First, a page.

The McCormick Freedom Project is committed to helping American citizens understand their First Amendment rights. The Libraries and the First Amendment exhibit has been created to make us think critically about our freedom of speech and it shows how the library is one of the first lines of defense in making sure that materials, however controversial, should be available to the American public. The First Amendment of the United States Constitution reads:

Congress shall make no law respecting an establishment of religion, or prohibiting the free exercise thereof; or abridging the freedom of speech, or of the press; or the right of the people peaceably to assemble, and to petition the Government for a redress of grievances.

Libraries and the 1st Amendment explores how libraries must deal with challenges to their materials while still adhering to the law. The site addresses controversial topics such as monitoring the materials library patrons read, banning materials, censorship, the use of the library by groups, and more. Some sections of the site have a point/counterpoint question where you can post your own comments about an issue.

The “Challenging Ideas” section of the site discusses why some materials are challenged because they are deemed unacceptable by a person or group of people. An interactive map pinpoints some areas of the United States where books have been challenged. Mouse-over the “push-pins” and see the book, the date it was challenged and the reason for the challenge. For instance, Anne Frank: The Diary of a Young Girl was challenged in Wise County, Virginia in 1982 because “some local parents felt the book contained sexually offensive passages.”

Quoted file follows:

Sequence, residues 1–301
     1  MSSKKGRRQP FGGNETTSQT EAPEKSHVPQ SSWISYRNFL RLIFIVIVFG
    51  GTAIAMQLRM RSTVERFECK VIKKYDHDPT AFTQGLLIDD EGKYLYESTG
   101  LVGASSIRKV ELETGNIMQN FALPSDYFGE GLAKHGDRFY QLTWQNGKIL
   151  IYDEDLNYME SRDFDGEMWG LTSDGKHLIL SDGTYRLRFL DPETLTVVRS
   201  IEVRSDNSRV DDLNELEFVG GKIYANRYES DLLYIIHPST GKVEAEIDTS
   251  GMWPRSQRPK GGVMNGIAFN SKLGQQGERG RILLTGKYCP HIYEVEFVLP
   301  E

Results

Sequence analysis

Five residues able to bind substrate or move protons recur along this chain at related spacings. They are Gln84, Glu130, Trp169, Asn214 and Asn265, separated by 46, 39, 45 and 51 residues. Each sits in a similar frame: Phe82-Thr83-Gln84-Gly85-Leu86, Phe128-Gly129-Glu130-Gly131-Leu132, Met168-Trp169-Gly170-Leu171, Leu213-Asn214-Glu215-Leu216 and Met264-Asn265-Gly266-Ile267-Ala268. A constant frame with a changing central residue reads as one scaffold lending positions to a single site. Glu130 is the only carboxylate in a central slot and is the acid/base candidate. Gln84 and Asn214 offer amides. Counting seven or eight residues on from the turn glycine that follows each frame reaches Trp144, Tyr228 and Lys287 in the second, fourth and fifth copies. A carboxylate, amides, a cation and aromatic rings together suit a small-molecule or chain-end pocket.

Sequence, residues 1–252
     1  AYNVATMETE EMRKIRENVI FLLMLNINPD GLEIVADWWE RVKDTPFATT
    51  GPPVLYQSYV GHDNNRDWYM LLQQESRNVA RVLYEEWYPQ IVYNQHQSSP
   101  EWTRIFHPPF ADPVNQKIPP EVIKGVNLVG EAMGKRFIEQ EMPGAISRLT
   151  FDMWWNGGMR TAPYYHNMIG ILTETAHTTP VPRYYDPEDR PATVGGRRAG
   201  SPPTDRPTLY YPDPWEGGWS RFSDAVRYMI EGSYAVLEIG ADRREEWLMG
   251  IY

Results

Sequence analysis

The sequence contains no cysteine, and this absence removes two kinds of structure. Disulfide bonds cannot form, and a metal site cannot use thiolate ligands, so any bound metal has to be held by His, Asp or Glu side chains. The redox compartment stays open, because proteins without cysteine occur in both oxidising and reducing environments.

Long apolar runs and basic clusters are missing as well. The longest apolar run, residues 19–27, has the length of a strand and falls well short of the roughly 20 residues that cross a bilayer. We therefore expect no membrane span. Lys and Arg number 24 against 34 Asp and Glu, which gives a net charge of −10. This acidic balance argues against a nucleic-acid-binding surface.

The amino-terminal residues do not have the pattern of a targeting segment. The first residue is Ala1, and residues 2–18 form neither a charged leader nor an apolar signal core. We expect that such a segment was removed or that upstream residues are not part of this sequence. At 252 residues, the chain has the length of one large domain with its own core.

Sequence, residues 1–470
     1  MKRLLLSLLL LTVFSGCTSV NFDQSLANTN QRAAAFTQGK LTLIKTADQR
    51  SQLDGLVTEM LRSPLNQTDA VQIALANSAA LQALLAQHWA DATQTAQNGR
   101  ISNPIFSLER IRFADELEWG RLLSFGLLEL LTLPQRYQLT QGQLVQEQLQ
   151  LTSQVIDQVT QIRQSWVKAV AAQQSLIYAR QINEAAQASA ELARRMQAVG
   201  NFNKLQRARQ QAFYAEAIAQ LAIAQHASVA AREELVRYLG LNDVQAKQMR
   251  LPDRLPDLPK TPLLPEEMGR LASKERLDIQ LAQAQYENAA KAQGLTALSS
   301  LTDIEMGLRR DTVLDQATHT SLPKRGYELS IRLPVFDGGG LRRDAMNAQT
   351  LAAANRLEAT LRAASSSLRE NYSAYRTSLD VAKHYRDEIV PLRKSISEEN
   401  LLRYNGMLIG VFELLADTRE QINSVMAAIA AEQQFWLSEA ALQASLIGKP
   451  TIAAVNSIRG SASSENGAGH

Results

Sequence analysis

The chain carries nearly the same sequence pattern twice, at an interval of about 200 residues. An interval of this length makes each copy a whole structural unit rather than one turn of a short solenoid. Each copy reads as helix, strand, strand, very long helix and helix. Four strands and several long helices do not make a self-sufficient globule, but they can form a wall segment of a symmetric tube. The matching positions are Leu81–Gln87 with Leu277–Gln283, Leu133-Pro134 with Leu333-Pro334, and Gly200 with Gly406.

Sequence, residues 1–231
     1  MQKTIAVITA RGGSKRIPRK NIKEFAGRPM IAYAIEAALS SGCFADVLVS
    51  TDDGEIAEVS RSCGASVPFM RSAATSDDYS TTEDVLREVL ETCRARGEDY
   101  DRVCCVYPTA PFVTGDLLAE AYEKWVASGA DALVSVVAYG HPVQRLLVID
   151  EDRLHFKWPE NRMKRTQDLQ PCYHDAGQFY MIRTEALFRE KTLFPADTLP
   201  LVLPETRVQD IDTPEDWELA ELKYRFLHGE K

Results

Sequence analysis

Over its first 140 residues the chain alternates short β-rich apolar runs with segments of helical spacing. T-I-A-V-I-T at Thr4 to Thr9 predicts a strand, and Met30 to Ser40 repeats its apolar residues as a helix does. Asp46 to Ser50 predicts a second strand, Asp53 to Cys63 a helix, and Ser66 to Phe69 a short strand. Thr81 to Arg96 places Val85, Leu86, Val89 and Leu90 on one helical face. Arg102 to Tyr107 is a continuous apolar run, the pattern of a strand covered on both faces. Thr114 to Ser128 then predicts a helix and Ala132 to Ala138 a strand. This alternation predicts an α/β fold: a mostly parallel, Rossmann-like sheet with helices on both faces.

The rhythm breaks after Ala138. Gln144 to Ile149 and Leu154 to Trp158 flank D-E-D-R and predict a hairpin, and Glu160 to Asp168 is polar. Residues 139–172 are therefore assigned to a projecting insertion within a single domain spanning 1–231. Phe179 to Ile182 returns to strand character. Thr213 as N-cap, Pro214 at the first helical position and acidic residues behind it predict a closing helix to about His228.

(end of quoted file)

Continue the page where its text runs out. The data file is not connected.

There are a number of other interactive features on the site. “You be the Judge” takes real thought-provoking issues and asks the viewer to take sides on them. Click on either “yes” or “no” and then see how others responded to the question. These questions are not simple and require much thought. “You be the Filter” provides four scenarios regarding websites and asks if they should be allowed or blocked on library computers based on an advisory of their content.

Lesson plans addressing First Amendment rights and other freedom issues can be found on the McCormick Freedom Project website. These plans are for middle and high school classes. Lessons for upper elementary students are also available in the areas of social studies, language arts, and science.

The McCormick Freedom Project invites libraries of any size to exhibit their materials. Exhibit downloads include posters, quotation shelf danglers, point/counterpoint table tents, and bookmarks. For more information on hosting an exhibit, send them an email.

Libraries and the First Amendment

Related stuff:

Celebrate Banned Books Week this week

Get Library of Congress Videos on iTunes U

Visit the Library of Congress online

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